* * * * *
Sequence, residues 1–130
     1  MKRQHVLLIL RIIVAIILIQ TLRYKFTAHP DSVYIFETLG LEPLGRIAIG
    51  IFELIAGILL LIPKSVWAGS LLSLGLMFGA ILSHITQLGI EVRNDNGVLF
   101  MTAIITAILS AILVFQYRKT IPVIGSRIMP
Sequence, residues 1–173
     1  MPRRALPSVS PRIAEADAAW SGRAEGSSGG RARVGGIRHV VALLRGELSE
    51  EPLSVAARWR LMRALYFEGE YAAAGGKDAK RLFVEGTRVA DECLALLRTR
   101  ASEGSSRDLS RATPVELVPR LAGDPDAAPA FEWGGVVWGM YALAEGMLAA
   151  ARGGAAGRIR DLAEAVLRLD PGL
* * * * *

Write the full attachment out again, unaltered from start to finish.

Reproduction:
Sequence, residues 1–130
     1  MKRQHVLLIL RIIVAIILIQ TLRYKFTAHP DSVYIFETLG LEPLGRIAIG
    51  IFELIAGILL LIPKSVWAGS LLSLGLMFGA ILSHITQLGI EVRNDNGVLF
   101  MTAIITAILS AILVFQYRKT IPVIGSRIMP
Sequence, residues 1–173
     1  MPRRALPSVS PRIAEADAAW SGRAEGSSGG RARVGGIRHV VALLRGELSE
    51  EPLSVAARWR LMRALYFEGE YAAAGGKDAK RLFVEGTRVA DECLALLRTR
   101  ASEGSSRDLS RATPVELVPR LAGDPDAAPA FEWGGVVWGM YALAEGMLAA
   151  ARGGAAGRIR DLAEAVLRLD PGL